Preparations for intubation followed a checklist (Additional file 1). Intubations were performed or supervised by a study physician, defined as a physician with dual training in anaesthesia (board certified) and critical care (board certified or in the last year of training). The pre-intubation management including the position of the head of the bed (horizontal or elevated), the application of cricoid pressure , and the management of difficulties and complications, if any, was at the discretion of the study physicians. The protocol encouraged, time permitting, cardiovascular optimization prior to intubation using fluids and catecholamine infusion. In patients undergoing non-invasive ventilation, the protocol encouraged continued non-invasive ventilation with 100% oxygen as the means of pre-oxygenation. All other patients were pre-oxygenated using a bag-mask device with high flow oxygen. Patients receiving light sedation to tolerate non-invasive ventilation continued to do so until the beginning of the induction sequence.
A total of 1 μg/kg intravenous fentanyl was administered at the beginning of the three-minute pre-oxygenation period. Thereafter, an intravenous induction agent was administered: etomidate 0.2 mg/kg in patients with a mean arterial pressure < 80 mmHg and/or a catecholamine infusion; propofol 1 mg/kg in all other patients. The neuromuscular blocking drug was injected as soon as the injection of the induction agent was completed. Laryngoscopy was started after the cessation of fasciculations in the lower extremities , if any, or after 45 sec (anticipated time of intubation 60 sec after the injection of the neuromuscular blocking drug), whichever was earlier. Intubations were performed using a Macintosh size 3 blade and a tracheal tube (Mallinckrodt Hi-Contour, Mallinckrodt, Ireland) with an internal diameter of 8.0 cm. The timing of events was performed using a stopwatch.
The primary outcome was the incidence of oxygen desaturations defined as a decrease in oxygen saturation ≥ 5%, assessed by continuous pulse oxymetry, at any time between the start of the induction sequence and two minutes after the completion of the intubation. A severe oxygen desaturation was defined as a decrease in oxygen saturation of ≥ 5% leading to a saturation value of ≤ 80%.
Secondary outcomes were 1) the duration of the intubation sequence, defined as the time interval between the injection of the induction agent and the first appearance of end-tidal carbon dioxide on the screen of the monitor; 2) the incidence of failed first intubation attempts; 3) numerical  and qualitative  intubation conditions as rated by the intubating study physician using a scoring system proposed for good clinical research practice in studies of neuromuscular blocking drugs  (Table 1); and 4) haemodynamic consequences of intubation between the start of the induction sequence and five minutes after the completion of the intubation.
Table 1. Scoring system for intubation conditions
Data, presented as means ± SD unless otherwise stated, were analyzed using SPSS 15.0 for Windows (SPPS Inc., Chicago, IL, USA). Two-way ANOVA, unpaired Student's t-test, Mann-Whitney test, Fisher's exact test and the logrank test were applied as appropriate. Based on data from the literature we estimated that approximately 250 patients were required for each study group to detect a difference of 20% in the primary outcome, incidence of oxygen desaturation ≥ 5%, with a power of 0.9 and a two-sided α of 0.05. A planned interim power analysis, performed with the results of the first 100 patients of the succinylcholine group, revealed that, in fact, approximately 200 patients were required for each study group. To account for protocol violations related to an emergent procedure we planned to enroll 210 patients per group.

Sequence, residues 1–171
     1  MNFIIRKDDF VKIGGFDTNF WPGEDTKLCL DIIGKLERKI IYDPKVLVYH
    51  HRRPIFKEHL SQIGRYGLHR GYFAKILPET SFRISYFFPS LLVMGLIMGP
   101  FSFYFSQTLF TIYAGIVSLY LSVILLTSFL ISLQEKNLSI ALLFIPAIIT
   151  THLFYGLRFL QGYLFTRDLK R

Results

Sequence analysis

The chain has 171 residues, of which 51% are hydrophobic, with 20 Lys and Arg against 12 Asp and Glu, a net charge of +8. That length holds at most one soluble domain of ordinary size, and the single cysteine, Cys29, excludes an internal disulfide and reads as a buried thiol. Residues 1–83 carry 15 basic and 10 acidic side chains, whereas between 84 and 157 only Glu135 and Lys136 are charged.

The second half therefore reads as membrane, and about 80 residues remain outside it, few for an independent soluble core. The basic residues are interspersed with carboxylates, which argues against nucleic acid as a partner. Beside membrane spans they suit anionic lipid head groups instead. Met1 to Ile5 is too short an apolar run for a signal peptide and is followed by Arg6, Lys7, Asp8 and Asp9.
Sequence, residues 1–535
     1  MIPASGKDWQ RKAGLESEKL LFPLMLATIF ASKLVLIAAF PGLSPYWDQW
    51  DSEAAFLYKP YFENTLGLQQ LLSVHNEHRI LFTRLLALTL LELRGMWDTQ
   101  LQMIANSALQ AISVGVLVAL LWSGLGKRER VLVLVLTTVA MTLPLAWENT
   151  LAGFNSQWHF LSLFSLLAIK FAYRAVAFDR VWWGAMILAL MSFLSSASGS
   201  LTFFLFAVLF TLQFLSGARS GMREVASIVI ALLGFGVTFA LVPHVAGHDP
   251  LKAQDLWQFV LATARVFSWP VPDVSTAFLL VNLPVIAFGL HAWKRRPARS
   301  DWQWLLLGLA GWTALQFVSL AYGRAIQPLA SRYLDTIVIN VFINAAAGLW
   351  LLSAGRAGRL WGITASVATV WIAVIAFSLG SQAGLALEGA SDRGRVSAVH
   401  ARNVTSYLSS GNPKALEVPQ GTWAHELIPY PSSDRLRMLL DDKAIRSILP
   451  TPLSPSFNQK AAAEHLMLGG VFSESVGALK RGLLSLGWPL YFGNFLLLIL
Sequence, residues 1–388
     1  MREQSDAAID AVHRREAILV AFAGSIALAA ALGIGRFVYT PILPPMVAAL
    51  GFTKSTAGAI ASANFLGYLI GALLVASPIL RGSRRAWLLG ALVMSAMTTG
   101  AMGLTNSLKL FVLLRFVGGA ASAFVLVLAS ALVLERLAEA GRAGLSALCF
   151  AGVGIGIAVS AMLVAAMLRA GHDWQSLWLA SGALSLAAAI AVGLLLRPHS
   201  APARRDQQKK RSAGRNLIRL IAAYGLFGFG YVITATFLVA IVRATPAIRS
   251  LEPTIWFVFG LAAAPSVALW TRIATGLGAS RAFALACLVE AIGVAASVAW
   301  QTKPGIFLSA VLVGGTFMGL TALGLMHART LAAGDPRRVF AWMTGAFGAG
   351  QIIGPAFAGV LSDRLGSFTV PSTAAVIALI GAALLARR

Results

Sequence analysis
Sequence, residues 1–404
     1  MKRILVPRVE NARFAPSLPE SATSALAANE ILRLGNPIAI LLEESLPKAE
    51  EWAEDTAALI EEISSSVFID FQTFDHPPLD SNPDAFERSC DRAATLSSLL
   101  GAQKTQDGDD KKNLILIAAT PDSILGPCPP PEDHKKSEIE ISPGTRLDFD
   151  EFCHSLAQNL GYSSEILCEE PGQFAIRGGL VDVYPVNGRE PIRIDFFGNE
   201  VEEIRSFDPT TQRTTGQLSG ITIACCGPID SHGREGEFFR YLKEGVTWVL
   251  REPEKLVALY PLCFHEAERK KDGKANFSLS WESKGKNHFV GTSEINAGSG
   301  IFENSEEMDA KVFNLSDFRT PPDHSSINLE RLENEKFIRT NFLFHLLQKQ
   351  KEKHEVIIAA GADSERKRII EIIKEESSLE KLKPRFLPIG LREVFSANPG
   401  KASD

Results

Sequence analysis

The study started in August 2006 and ended with the inclusion of the 420th patient in June 2010. Figure 1 shows the patients' flow. Of the 401 intubations 333 (83%) were accomplished on the first, 57 (14.2%) on the second, 9 (2.2%) on the third, and 2 (0.5%) on the fourth attempt. No periprocedural death occurred. Table 2 shows the indications for the intubations performed. Demographics of the patients included in the study and the registry are shown in Table 3.
Figure 1. Patients' flow diagram reported in CONSORT style. RSI, rapid sequence induction (intubation).
Table 2. Indications for emergent intubations in 401 critically ill patients
Table 3. Demographics
Due to a severe shock state, pulse oxymetry could not measure oxygen saturation in four patients of the succinylcholine group and in six patients of the rocuronium group. In the remaining patients, there was no significant difference in the incidence of oxygen desaturations (succinylcholine 73/196 = 37%; rocuronium 66/195 = 34%; P = 0.67) and severe oxygen desaturations (succinylcholine 20/196 = 10%; rocuronium 20/195 = 10%; P = 1.0) between the groups. In those patients exhibiting a decrease in oxygen saturation ≥ 5%, there was no difference between the groups with regard to the extent of the decrease (succinylcholine -14 ± 12%; rocuronium -16 ± 13%; P = 0.77). Figure 2 displays the course of the oxygen saturation over the intubation period.
Figure 2. Intubating times. Kaplan-Meyer curve of the probability of the completion of the endotracheal intubation sequence including succinylcholine or rocuronium in patients successfully intubated in the first attempt. The x-axis denotes the time interval after the beginning of the injection of the induction drug. The intubation sequence was defined to be completed upon the first appearance of end-tidal carbon dioxide after intubation.